198 pages | 20 B/W Illus.
This book engages with the issue of how culture is incorporated into individuals' lives, a question that has long plagued the social sciences. Starting with a critical overview of the treatment of culture and the individual in anthropology, the author makes the case for adopting a cognitive theory of culture in researching the relationship. The concept of cultural consonance is introduced as a solution and placed in theoretical context. Cultural consonance is defined as the degree to which individuals incorporate into their own beliefs and behaviors the prototypes for belief and behavior encoded in shared cultural models. Dressler examines how this can be measured and what it can reveal, focusing in particular on the field of health.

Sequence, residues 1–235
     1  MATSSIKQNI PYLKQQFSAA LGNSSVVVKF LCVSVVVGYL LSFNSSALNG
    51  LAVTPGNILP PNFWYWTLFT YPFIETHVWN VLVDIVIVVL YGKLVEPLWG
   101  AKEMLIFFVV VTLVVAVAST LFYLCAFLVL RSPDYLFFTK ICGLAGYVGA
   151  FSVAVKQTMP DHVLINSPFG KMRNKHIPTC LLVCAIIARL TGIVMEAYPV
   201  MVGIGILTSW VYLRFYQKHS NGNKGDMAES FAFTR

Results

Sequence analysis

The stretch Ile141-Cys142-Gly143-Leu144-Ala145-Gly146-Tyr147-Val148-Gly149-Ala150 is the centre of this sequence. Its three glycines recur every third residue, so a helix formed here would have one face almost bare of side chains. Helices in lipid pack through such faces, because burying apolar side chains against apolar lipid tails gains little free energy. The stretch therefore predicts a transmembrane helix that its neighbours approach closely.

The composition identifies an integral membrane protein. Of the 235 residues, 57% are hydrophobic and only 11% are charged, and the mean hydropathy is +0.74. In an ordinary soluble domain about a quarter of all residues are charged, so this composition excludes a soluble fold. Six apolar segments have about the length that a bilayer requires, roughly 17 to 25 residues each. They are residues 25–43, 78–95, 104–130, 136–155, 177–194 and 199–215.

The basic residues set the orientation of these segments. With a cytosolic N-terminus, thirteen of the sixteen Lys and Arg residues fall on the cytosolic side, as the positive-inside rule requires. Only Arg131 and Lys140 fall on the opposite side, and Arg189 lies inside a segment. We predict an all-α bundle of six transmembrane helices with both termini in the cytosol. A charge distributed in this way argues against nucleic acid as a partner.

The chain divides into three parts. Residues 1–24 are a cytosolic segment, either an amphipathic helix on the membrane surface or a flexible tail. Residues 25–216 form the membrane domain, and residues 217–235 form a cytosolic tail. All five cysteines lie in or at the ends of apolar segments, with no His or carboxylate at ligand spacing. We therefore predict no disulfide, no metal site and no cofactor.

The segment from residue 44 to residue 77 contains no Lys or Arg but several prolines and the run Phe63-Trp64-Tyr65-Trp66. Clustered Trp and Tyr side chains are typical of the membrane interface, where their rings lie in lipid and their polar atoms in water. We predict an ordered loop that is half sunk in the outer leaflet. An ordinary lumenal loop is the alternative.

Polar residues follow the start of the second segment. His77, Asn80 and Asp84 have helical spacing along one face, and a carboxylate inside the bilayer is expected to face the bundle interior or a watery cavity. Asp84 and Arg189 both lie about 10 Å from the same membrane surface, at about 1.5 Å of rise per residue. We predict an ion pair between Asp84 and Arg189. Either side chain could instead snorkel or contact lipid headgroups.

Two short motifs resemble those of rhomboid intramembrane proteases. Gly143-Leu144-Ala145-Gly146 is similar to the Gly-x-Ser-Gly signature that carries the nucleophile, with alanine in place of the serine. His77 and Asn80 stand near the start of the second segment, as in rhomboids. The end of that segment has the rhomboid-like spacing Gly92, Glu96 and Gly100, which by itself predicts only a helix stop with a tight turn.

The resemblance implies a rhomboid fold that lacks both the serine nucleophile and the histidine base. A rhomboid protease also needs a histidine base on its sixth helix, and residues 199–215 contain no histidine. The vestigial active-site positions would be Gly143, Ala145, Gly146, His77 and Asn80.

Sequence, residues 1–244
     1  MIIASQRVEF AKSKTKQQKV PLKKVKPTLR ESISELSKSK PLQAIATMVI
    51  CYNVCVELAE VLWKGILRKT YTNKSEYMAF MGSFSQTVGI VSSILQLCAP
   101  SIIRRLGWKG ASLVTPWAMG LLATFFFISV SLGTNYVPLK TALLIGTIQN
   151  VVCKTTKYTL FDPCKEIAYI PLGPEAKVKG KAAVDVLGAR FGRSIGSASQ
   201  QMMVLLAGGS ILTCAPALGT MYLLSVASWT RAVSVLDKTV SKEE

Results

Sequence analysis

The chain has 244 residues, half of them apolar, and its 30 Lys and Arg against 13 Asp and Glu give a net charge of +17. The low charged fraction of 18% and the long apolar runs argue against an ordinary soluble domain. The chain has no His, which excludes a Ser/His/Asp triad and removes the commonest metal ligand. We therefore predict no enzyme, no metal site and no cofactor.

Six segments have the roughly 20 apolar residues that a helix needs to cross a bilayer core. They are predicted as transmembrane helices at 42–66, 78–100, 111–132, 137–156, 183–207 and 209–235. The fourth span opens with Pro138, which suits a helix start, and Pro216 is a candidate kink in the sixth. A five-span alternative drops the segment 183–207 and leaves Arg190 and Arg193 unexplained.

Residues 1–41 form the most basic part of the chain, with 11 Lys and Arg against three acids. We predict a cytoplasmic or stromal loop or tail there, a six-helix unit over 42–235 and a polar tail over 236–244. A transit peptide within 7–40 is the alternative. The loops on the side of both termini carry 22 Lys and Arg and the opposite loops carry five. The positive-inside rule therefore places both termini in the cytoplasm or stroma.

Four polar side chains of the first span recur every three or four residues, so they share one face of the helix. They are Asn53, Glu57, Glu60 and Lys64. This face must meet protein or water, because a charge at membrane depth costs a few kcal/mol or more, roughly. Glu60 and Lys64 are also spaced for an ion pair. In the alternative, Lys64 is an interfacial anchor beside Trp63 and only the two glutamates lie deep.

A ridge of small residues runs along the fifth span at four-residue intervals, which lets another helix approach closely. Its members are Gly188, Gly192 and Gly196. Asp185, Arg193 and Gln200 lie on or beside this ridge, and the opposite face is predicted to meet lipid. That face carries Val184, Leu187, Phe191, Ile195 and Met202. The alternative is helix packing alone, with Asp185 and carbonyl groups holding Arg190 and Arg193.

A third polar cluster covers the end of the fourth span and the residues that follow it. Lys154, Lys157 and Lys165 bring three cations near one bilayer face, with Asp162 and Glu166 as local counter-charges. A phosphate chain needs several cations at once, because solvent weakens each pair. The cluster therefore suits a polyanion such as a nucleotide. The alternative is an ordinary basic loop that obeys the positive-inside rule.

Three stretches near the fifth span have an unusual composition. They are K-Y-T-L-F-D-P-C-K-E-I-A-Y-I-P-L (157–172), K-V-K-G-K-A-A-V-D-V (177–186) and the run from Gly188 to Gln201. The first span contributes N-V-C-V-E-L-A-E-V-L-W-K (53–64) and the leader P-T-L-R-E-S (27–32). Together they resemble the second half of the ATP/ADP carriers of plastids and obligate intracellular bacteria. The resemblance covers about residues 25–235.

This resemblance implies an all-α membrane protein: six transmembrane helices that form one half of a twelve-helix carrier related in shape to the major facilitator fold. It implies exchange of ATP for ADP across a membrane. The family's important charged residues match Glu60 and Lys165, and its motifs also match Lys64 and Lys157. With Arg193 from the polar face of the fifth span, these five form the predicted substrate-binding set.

Written in an accessible style by an experienced anthropologist, Culture and the Individual pulls together more than twenty-five years of research and offers valuable insights for students as well as academics in related fields.
2. Culture and the Individual in Anthropological Theory
3. Solutions to Five Recurring Problems in Culture Theory
4. Cultural Models and Cultural Consensus
5. Cultural Consonance
6. Measuring Cultural Consonance
7. The Relationships of Cultural Consonance and Health Outcomes